Outside the window, leaves of crimson and burnt orange shiver on the trees, and every once in a while, a cluster of them swirl to the ground as a gust of wind blows urgent. The seasons have shifted and I find that as the weather turns chilly and the sun hides its face and the branches become bare, I turn inward, physically and mentally.

Physically, I begin to look at my home as the lack of warmth and the steady drips of West Coast rain draw us inward, more home-bound than we have been for months. The time spent indoors causes me to open my eyes to my surroundings and in doing so, I become more critical. I notice the lack of organization, the need for deep cleaning, the clutter, all of the projects that have remained on my to-do list far too long.

Mentally, I begin to crawl inside my skin. The outer chaos that I notice in my home eats away at me. Words like failure, bad homemaker, undisciplined, disorganized, and messy begin to surface.

Realization of these outward evidences of my inward mess and imperfection eat away at me sometimes. I seem to go in seasonal patterns, and one such pattern is a sudden urge to remake my life, to purge, to re-organize, to get myself in order. I pull out stacks of how-to books, try to get myself inspired and motivated, and figure out just why it is that I can’t get it all together.

I tend to overlook the obvious. The reason is simple.

I’m a mess.

And so are you.

We’re all messy and that’s ok.

Just because I run a blog called “Keeper of the Home” does not mean that I am an exemplary homemaker. Far from it. Would you like to know some of the things that I just cannot do?

  • I can’t tell you the last time I cleaned baseboards, windowsills, windows, or walls (aside from obviously needed spot cleaning).
  • Though I keep the downstairs guest bathroom clean enough, our master bathroom is prone to fits of unsanitariness (yes, it’s a real word now because I just used it and you know what I mean) every few weeks until I finally stop ignoring it.
  • I just made bread again for the first time in several months. And it wasn’t soaked or sourdough.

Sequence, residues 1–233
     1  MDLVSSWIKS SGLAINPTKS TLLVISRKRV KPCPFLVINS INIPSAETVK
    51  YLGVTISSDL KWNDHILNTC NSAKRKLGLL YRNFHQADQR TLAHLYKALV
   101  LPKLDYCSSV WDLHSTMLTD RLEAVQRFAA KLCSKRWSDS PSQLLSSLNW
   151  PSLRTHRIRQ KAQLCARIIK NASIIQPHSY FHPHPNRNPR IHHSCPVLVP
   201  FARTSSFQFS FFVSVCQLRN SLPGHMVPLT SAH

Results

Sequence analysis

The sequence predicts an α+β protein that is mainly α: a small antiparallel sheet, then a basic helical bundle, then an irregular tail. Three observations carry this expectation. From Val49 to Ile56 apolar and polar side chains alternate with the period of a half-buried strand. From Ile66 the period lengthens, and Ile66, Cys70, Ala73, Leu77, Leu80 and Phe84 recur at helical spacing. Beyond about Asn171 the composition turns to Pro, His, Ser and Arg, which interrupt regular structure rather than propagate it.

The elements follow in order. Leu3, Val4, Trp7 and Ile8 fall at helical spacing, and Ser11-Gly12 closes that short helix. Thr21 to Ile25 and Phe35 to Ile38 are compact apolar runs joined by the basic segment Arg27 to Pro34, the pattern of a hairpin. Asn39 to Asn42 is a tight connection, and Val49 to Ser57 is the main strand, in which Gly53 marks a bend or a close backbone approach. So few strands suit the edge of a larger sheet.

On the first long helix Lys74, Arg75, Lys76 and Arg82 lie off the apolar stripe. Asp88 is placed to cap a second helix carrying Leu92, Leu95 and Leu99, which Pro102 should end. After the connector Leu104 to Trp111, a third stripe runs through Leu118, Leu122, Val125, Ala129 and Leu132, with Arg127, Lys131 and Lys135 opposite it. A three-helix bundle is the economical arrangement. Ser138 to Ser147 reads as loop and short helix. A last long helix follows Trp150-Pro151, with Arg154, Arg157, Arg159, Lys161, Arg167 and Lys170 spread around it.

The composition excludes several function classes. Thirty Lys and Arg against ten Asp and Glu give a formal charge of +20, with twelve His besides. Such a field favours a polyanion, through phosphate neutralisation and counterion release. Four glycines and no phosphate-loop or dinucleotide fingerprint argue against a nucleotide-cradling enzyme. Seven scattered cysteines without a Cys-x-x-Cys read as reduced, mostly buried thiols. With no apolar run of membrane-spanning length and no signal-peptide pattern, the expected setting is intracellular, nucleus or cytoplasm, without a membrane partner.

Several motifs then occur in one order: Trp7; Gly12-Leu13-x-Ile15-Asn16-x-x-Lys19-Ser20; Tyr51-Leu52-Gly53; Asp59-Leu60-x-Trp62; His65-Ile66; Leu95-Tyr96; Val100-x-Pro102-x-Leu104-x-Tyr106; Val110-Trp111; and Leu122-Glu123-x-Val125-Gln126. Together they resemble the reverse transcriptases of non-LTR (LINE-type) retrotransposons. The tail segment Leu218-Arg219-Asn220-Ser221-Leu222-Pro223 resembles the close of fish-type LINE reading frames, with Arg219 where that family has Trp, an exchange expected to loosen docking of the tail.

• My kids bathe once a week. When they’re good and stinky and they really need it.
  • My cell phone is never charged, the keys often disappear, the minivan is full of crumbs and random garbage from our various outings.
  • I have to keep things I’ve borrowed from others beside my front door, in hopes that they might make it back to those gracious individuals at some point in time. It still usually takes a couple of months.
  • Don’t even ask my friends what a joke it is to leave me a message on the answering machine.
  • As summer ended, I left the garden to its own devices. Just yesterday, I finally cleaned out one of the six garden beds, and only because I was getting dangerously close to not having my garlic planted in time before winter. (And no, I didn’t manage to get the garlic actually in the ground before we needed to leave for my daughter’s ballet lesson, but at least I tried.)
  • We’re mostly on target with homeschooling, but we’re had many days where we just couldn’t get through the more involved topics like history or geography or science, and had to resort to the basics… language arts and math. The 3 R’s, right?
I could go on, but I don’t need to. You get the point, and I’m sure that you’re nodding in relief and coming up with your own lists of all the things that you don’t or can’t or only wish you could do.

It needs to be said, so very often, that none of us can do it all. We’re feeble. We’re human. We’re weak. We’re imperfect.

We’re all just such a lovely mess. Together. I think that there is something powerful that happens when we are willing to say out loud to each other that we don’t have it all together and we can’t keep up with everything and though one area of our life might look amazing there are others that don’t look nearly so pretty if we were to throw open our closet doors and lift up the bedskirts and let others see our dustbunnies and cobwebs and dirty socks.